David Pleoger testified Thursday that officers are trained to roll people on their side to help with their breathing after they have been restrained in the prone position. He said the officers could have ended their restraint of Floyd after he stopped resisting.

Chauvin, 45 and white, is accused of killing Floyd by pinning his knee on the 46-year-old Black man’s neck for 9 minutes, 29 seconds, as he lay face-down in handcuffs. Floyd had been accused of passing a counterfeit $20 bill at a neighbourhood market.

His death triggered large protests around the U.S., scattered violence and widespread soul-searching over racism and police brutality. The since-fired Chauvin is charged with murder and manslaughter, and most serious charge him carries up to 40 years in prison.

On Friday, Minneapolis police Sgt. Jon Edwards, the overnight supervisor the night Floyd died, said he secured the scene at the request of Pleoger, who was still at the hospital with Floyd. Edwards said Pleoger told him the encounter had the potential to become a “critical incident,” which could mean someone died or was seriously injured.

The defence has argued that Chauvin did what he was trained to do when he encountered Floyd last May and that Floyd’s death was caused not by the knee on his neck, as prosecutors contend but by drugs, his underlying health conditions and adrenaline. An autopsy found fentanyl and methamphetamine in his system.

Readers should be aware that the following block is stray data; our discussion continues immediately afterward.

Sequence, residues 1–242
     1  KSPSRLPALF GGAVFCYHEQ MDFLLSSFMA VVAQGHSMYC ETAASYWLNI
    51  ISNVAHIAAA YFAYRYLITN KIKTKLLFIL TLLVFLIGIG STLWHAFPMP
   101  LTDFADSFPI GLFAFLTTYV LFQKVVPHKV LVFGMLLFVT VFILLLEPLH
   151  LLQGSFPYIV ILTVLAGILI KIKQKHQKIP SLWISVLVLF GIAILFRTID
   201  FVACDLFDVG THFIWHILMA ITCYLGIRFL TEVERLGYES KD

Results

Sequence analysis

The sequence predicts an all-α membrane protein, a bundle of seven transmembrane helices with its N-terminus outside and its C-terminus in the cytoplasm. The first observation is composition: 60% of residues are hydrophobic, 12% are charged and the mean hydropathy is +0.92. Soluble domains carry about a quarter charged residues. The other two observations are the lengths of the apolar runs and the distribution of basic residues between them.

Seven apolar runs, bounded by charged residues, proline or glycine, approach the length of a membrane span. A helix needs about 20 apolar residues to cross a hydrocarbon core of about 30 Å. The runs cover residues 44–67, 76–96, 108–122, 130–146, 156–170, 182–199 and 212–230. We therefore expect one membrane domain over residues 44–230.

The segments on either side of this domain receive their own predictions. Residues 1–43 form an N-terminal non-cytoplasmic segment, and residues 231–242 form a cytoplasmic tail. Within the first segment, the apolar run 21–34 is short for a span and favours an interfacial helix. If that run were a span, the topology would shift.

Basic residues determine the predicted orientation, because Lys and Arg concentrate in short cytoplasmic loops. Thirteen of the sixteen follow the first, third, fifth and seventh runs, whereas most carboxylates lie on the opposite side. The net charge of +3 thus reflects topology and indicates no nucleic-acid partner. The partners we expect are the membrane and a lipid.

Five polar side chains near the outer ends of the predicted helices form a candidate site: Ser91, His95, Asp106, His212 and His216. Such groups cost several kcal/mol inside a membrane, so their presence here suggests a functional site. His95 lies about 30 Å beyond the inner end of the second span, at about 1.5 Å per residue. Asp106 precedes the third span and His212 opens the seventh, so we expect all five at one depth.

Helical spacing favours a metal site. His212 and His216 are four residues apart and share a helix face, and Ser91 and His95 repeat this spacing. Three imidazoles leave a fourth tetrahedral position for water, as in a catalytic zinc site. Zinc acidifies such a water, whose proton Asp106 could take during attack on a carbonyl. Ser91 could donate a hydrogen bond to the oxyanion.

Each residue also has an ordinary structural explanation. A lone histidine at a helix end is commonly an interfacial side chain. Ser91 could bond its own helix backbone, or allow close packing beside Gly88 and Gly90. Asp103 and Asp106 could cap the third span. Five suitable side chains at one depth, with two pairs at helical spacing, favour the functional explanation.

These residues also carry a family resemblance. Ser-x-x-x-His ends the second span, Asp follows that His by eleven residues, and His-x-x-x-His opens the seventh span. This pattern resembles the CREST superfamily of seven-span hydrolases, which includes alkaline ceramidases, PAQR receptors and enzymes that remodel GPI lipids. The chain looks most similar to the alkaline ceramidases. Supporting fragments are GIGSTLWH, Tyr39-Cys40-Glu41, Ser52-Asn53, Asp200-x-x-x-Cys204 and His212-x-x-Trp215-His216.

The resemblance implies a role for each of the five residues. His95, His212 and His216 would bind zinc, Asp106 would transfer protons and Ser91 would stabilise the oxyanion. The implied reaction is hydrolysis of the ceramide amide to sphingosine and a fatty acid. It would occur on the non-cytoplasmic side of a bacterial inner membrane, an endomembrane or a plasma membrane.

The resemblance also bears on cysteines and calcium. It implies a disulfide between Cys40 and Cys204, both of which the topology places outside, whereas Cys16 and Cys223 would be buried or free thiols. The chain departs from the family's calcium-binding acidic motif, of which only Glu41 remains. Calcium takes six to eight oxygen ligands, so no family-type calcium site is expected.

On Thursday, two paramedics who arrived on the scene that day said they saw no signs that Floyd was breathing or moving. One of them, Derek Smith, testified that he checked for a pulse and couldn’t detect one: “In layman’s terms? I thought he was dead.”

United States

Get local stories you won't find anywhere else right to your inbox.
Sign up here

Just Posted

B.C. provincial health officer Dr. Bonnie Henry speaks at a press conference Monday, April 18. (B.C. Government image)
New COVID-19 cases tick down on the central Island

New cases held to single digits three days in a row

Cheryl Dill visits the PQB News/VI Free Daily studio. (Peter McCully photo)
PQBeat: Talking jobs, tourism and business with Cheryl Dill in Parksville

Podcast: COVID-19 has far-reaching impacts on Vancouver Island

(File photo)
PQB crime report: Vandals strike in Parksville, prowler lurks in Nanoose Bay

Oceanside RCMP receive 276 complaints in one-week period

In this image from NASA, NASA’s experimental Mars helicopter Ingenuity lands on the surface of Mars Monday, April 19, 2021. The little 4-pound helicopter rose from the dusty red surface into the thin Martian air Monday, achieving the first powered, controlled flight on another planet. (NASA via AP)